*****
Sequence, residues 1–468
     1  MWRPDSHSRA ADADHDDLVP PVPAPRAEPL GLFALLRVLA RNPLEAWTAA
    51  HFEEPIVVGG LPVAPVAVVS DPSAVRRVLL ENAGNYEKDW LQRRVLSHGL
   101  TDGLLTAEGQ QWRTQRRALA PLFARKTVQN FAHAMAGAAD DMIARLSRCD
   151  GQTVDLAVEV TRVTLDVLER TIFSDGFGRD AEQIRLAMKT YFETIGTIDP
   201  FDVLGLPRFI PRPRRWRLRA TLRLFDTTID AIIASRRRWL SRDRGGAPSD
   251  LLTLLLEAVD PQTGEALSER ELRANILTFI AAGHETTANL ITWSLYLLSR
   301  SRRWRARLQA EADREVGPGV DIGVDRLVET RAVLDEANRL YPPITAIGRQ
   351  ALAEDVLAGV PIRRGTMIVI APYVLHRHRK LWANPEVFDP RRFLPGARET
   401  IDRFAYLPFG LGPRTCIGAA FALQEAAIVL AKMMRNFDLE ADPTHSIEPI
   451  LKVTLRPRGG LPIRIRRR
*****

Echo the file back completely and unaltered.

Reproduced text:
Sequence, residues 1–468
     1  MWRPDSHSRA ADADHDDLVP PVPAPRAEPL GLFALLRVLA RNPLEAWTAA
    51  HFEEPIVVGG LPVAPVAVVS DPSAVRRVLL ENAGNYEKDW LQRRVLSHGL
   101  TDGLLTAEGQ QWRTQRRALA PLFARKTVQN FAHAMAGAAD DMIARLSRCD
   151  GQTVDLAVEV TRVTLDVLER TIFSDGFGRD AEQIRLAMKT YFETIGTIDP
   201  FDVLGLPRFI PRPRRWRLRA TLRLFDTTID AIIASRRRWL SRDRGGAPSD
   251  LLTLLLEAVD PQTGEALSER ELRANILTFI AAGHETTANL ITWSLYLLSR
   301  SRRWRARLQA EADREVGPGV DIGVDRLVET RAVLDEANRL YPPITAIGRQ
   351  ALAEDVLAGV PIRRGTMIVI APYVLHRHRK LWANPEVFDP RRFLPGARET
   401  IDRFAYLPFG LGPRTCIGAA FALQEAAIVL AKMMRNFDLE ADPTHSIEPI
   451  LKVTLRPRGG LPIRIRRR